The latest Beige Book from the Federal Reserve paints a gray picture of the U.S. economy, with the COVID-19 delta variant and inflation continuing to hamstring businesses while wages and employment improve.
The report, released by the Fed on Wednesday, noted that the nation’s economic growth “downshifted slightly to a moderate pace” in early July through August. Much of the slowdown is attributable to a pullback in dining out, travel and tourism as the rise of the delta variant created safety concerns and contributed to a few international travel restrictions.
The biggest ongoing trends centered on prices and employment. Inflation was “steady at an elevated pace” during the period, with half of the Fed’s 12 districts reporting strong price increases and half reporting moderate increases. Most districts reported “substantial escalation” in the cost of metals and metal-based products as well as freight and transportation services. Construction materials also carried much higher costs, with the exception of lumber, which has seen prices drop sharply from historically high levels earlier in the year.
The rise in costs, coupled with supply-chain constraints, continue to squeeze many businesses, which have responded by raising their own prices.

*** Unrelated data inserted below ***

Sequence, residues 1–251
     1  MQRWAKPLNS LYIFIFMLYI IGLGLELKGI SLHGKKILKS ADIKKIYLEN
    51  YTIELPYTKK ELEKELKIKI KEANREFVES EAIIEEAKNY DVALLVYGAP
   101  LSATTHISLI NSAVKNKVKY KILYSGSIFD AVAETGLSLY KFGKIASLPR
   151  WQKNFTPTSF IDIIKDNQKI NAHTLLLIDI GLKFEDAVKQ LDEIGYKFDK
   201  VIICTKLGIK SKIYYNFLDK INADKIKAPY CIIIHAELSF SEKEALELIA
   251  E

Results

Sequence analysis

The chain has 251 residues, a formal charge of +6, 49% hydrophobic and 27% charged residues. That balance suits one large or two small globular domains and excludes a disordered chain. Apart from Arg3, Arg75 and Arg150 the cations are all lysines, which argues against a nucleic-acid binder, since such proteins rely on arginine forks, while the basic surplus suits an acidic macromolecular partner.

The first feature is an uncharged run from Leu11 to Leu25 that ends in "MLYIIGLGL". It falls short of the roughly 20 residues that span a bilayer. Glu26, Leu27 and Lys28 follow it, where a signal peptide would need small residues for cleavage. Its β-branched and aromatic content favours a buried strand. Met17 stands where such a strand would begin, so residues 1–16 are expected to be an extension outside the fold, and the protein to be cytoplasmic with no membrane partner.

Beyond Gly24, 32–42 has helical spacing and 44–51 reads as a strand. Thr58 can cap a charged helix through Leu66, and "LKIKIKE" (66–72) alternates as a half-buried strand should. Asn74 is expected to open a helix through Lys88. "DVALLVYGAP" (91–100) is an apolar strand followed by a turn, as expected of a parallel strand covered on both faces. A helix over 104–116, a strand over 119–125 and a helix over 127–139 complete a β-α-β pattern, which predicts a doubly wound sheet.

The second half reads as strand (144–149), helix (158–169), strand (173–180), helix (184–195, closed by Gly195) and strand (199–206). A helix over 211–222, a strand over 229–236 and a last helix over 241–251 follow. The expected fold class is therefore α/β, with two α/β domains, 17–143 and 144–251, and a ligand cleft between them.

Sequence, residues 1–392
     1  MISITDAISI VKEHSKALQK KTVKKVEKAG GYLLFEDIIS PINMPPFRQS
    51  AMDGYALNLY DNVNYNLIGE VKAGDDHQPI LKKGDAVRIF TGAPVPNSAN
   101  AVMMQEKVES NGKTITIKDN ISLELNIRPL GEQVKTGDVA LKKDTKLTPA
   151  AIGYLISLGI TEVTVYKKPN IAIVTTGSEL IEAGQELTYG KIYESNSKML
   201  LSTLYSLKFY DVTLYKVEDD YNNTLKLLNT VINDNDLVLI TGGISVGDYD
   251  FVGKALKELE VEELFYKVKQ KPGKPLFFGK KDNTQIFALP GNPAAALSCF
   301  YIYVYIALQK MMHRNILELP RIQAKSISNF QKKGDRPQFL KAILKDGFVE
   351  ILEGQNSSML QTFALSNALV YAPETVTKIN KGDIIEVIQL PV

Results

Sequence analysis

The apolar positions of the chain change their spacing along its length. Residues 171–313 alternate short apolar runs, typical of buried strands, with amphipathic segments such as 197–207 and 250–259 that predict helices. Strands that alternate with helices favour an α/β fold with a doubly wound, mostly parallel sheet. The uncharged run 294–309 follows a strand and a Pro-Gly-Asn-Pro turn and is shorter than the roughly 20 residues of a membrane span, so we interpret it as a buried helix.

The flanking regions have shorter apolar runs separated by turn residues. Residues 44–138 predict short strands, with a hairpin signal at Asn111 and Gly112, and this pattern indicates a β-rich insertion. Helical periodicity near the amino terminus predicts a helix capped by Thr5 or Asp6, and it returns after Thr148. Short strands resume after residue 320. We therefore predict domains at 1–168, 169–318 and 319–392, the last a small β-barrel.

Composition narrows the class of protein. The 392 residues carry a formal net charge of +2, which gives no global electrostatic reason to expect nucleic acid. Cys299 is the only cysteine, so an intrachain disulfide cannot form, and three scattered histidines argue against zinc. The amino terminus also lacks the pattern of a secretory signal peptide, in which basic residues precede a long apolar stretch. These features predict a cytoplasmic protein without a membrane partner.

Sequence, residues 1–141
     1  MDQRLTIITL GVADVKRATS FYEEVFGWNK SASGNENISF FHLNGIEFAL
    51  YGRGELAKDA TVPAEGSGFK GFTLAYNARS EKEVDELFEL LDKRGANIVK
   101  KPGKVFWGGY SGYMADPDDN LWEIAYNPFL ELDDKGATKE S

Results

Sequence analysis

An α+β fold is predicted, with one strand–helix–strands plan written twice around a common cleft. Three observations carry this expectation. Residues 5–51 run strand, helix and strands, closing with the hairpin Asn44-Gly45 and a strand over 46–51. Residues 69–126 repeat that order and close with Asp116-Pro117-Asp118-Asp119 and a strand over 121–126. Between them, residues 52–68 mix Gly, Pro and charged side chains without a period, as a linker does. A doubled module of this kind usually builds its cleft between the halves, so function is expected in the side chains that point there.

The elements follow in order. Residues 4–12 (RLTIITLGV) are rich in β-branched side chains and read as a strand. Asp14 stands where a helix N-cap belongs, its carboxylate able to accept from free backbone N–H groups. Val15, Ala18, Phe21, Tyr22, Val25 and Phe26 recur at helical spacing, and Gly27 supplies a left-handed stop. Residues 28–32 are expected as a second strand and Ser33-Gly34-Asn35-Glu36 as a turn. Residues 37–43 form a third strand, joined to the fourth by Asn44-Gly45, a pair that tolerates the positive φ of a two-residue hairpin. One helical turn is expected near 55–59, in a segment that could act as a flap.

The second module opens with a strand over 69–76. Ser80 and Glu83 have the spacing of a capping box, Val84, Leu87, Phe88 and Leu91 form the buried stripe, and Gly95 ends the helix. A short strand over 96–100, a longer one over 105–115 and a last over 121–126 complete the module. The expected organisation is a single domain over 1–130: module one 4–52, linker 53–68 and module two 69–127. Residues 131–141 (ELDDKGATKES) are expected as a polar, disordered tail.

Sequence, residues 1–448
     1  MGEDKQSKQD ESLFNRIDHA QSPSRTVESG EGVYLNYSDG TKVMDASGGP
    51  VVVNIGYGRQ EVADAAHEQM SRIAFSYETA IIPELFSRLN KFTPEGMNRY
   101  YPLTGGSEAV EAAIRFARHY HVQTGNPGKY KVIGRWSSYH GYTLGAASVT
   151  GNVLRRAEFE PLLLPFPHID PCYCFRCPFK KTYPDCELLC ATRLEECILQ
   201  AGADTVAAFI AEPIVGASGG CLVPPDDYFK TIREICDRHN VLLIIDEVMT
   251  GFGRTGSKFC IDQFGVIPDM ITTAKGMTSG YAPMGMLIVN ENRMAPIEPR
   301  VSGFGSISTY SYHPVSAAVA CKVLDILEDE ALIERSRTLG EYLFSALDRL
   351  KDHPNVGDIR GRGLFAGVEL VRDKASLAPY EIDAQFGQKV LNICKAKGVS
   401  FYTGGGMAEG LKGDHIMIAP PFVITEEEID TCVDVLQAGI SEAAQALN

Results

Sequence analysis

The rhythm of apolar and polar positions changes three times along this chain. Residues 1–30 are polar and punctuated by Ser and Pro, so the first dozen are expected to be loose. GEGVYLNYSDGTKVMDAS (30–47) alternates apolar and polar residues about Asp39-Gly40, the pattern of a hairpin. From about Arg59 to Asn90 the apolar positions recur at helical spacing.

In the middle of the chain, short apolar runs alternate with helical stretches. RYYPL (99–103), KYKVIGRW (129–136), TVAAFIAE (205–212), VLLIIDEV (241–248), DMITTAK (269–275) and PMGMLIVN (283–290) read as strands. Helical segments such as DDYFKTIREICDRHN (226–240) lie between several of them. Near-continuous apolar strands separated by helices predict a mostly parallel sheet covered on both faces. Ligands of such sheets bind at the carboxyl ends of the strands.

“Even at greatly increased prices, many businesses reported having trouble sourcing key inputs,” the Fed wrote. “Some Districts reported that businesses are finding it easier to pass along more cost increases through higher prices. Several Districts indicated that businesses anticipate significant hikes in their selling prices in the months ahead.”
Meanwhile, all of the Fed’s districts reported a rise in overall employment, with the pace of job creation ranging from “slight” to “strong.” Demand for workers has come at a time of extreme labor shortages in many parts of the country, which the Fed said is “impeding business activity.” The labor shortages are mainly due to higher turnover, early retirements (especially involving healthcare jobs), childcare needs and enhanced unemployment benefits.
A number of districts reported an “acceleration in wages,” with the Midwestern and Western regions seeing particularly strong wage growth. Lower-wage workers are the main beneficiaries of higher pay as employers offer more frequent raises as well as bonuses to attract and retain staff.
Those higher wages don’t necessarily mean stronger personal finances, however. As GOBankingRates reported last month, while workers have seen hourly wages tick higher, inflation might actually be giving them a net pay cut.
In June, average hourly wages rose 3.6% from the prior year to $30.40 — the largest increase since January 2009, according to the Economic Policy Institute. But data from the Bureau of Labor Statistics show that “real wages” — those adjusted for inflation — fell by almost 2% in July compared to 2020.
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